Thursday, April 14, 2011

Is Religion the bĂȘte noir of Humanity?

I just finished a book by Sam Harris, “The End of Faith.”
A disturbing analysis of religion and theology, the book’s focus carries forth a recurring theme of the intolerance generated by all religions, and even sharply criticizes religious moderates.  Traditional thinking had always been that religious moderation is an acceptable alternative to religious extremism.  Not so, avers Harris, reasoning that religious moderation fosters a climate of acceptance of religious extremism.  The acceptance of any religion, ergo, a priori allows an implicit acceptance of the most extreme forms of faith.
In a coolly rational discourse, Harris especially derides Islam, the conversion from which carries the penalty of death. Islam also tolerates the subjugation of women, honor killings, beheadings and suicide
bombers; the idea that so sexually repressive a religion offers however many virgins in paradise as a reward for acts of grotesque terrorism speak to its ultimate abandonment of goodness.  The idea that in the 21st century such a belief system can be food for any serious rational thought befuddles him.
He is no less forgiving of Catholicism, and refers to the Lateran council of 1252 which punished the Jews by removing them from society’s grace, promulgating thousands of years of anti-Semitism, including the blood libel, exploring a gruesome litany of disembowelments, heretic-burnings, rakings,
witch-huntings and other nauseating acts of religious fervor, ultimately leading to the Holocaust.  Fortunately, he says, the church abandoned such procedures, but not until the early 18th century and not before the seeds of the whirlwind had been sown.
Jews receive little less effusive acid pen treatment.   Jewish fundamentalists cling to the anachronistic, bronze-age railings of the book of Leviticus, which Harris maintains is an exercise in the misogynistic demands of a paranoid God, who demands complete thoughtless subservience. He calls rigid adherence to primitive dietary laws and circumcision a paradigm of tribalism.  Differences among the Arabs and the Jews in Palestine/Israel are still fueled by cultural differences and religious dichotomy, with fundamentalists on both sides stirring a witch’s brew of racism, terrorism, hatred and death.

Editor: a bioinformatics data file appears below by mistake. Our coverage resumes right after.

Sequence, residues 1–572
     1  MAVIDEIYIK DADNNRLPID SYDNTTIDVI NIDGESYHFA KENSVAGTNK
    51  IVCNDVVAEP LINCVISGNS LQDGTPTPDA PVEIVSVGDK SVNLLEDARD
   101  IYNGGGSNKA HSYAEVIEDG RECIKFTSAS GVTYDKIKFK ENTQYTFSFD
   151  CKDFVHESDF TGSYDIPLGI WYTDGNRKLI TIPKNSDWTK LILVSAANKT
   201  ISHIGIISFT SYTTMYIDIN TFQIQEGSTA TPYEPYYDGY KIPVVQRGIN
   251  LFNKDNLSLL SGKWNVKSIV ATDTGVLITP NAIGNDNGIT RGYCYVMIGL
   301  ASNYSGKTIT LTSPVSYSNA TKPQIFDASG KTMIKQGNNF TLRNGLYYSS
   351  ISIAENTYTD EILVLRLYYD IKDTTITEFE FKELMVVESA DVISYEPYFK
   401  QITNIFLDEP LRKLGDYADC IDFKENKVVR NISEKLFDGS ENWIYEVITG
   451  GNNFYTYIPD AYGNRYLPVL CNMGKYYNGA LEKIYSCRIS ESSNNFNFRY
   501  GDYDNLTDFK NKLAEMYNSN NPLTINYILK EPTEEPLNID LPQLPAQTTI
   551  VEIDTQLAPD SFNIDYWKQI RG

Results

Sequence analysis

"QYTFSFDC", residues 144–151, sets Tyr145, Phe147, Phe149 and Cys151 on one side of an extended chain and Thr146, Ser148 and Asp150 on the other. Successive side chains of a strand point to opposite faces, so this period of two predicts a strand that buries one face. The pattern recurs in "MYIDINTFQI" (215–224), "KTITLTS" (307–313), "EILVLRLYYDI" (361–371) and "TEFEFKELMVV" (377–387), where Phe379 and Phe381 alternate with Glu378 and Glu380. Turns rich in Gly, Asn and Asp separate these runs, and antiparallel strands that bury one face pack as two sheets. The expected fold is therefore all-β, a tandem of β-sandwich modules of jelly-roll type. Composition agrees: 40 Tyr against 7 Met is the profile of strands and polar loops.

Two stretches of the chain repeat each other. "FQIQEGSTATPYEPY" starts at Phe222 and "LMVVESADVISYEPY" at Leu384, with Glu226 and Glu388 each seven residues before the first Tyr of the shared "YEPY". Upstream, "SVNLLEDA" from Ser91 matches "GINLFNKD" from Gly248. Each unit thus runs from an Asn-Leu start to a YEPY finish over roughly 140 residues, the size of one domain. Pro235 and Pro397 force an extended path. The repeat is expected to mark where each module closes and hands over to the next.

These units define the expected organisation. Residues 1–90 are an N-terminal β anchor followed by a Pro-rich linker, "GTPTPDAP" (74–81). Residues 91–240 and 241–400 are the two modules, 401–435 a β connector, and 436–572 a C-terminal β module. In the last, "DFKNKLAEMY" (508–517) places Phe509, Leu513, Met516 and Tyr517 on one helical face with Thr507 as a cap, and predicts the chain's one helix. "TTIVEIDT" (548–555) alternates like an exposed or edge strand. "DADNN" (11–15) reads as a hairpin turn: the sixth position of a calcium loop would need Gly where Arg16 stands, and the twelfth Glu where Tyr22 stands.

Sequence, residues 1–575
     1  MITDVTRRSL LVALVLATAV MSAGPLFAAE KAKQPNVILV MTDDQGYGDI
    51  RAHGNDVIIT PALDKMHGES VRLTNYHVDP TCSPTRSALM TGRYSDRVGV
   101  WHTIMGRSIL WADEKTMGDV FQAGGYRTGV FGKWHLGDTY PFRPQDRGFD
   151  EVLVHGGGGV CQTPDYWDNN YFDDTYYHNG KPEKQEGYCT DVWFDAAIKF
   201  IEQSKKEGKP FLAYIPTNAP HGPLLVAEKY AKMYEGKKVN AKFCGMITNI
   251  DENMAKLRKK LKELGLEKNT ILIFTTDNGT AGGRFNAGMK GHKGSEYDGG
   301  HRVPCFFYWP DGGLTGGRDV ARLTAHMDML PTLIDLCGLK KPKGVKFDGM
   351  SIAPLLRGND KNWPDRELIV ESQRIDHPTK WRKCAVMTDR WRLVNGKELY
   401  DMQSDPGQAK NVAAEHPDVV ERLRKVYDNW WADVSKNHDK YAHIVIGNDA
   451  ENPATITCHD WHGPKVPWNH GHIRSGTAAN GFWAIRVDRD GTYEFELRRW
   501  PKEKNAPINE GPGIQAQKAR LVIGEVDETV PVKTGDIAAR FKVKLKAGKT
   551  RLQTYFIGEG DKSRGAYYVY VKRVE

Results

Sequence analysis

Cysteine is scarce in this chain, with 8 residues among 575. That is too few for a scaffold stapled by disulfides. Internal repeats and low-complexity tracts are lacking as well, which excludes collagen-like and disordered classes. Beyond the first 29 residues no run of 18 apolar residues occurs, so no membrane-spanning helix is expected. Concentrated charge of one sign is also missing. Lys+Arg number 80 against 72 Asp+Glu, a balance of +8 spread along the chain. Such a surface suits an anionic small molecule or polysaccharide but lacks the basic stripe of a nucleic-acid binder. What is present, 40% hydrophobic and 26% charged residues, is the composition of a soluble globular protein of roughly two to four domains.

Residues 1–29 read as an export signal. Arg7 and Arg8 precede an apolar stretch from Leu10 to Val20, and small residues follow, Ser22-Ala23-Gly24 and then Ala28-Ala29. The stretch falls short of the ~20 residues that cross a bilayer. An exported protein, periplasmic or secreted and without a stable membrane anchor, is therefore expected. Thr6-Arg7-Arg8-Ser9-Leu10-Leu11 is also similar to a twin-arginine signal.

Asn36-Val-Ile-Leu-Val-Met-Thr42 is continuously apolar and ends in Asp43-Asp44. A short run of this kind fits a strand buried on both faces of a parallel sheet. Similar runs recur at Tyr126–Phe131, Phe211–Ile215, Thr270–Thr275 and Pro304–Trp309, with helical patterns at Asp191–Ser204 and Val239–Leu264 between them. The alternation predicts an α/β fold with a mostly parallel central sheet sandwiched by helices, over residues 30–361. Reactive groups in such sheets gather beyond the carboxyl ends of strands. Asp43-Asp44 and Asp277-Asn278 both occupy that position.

He relegates theology to a non-science and does not even accord it philosophical heft, since he views religion as an evil in the world which denies people the essence of their humanity, the understanding that people do good things because of their own ethical code, giving the example of monkeys
and other species protecting their young.  Religion is not at all needed to produce morality.   He defines love as a concern for other’s happiness and the placement of those values on a level with one’s own well being, without the necessity of priestly or clerical intercession.
This, says Harris, is the new ethic to which we should all aspire, an ethic that needs no class of priests to stand between ourselves and our reason or our humanity.  In discounting the belief of others by virtue of “faith,” we automatically discount the “faith” of others.
In my discussions with others about these undertakings, I have always encountered resistance and reluctance for the faithful to not abandon their sense of reason.  The reaction is “I am not educated enough to talk to you about this,” or “I do not wish to discuss it.”
People who are content to use reason during the week somehow feel free to abandon their sense of reason on Sunday, or Saturday.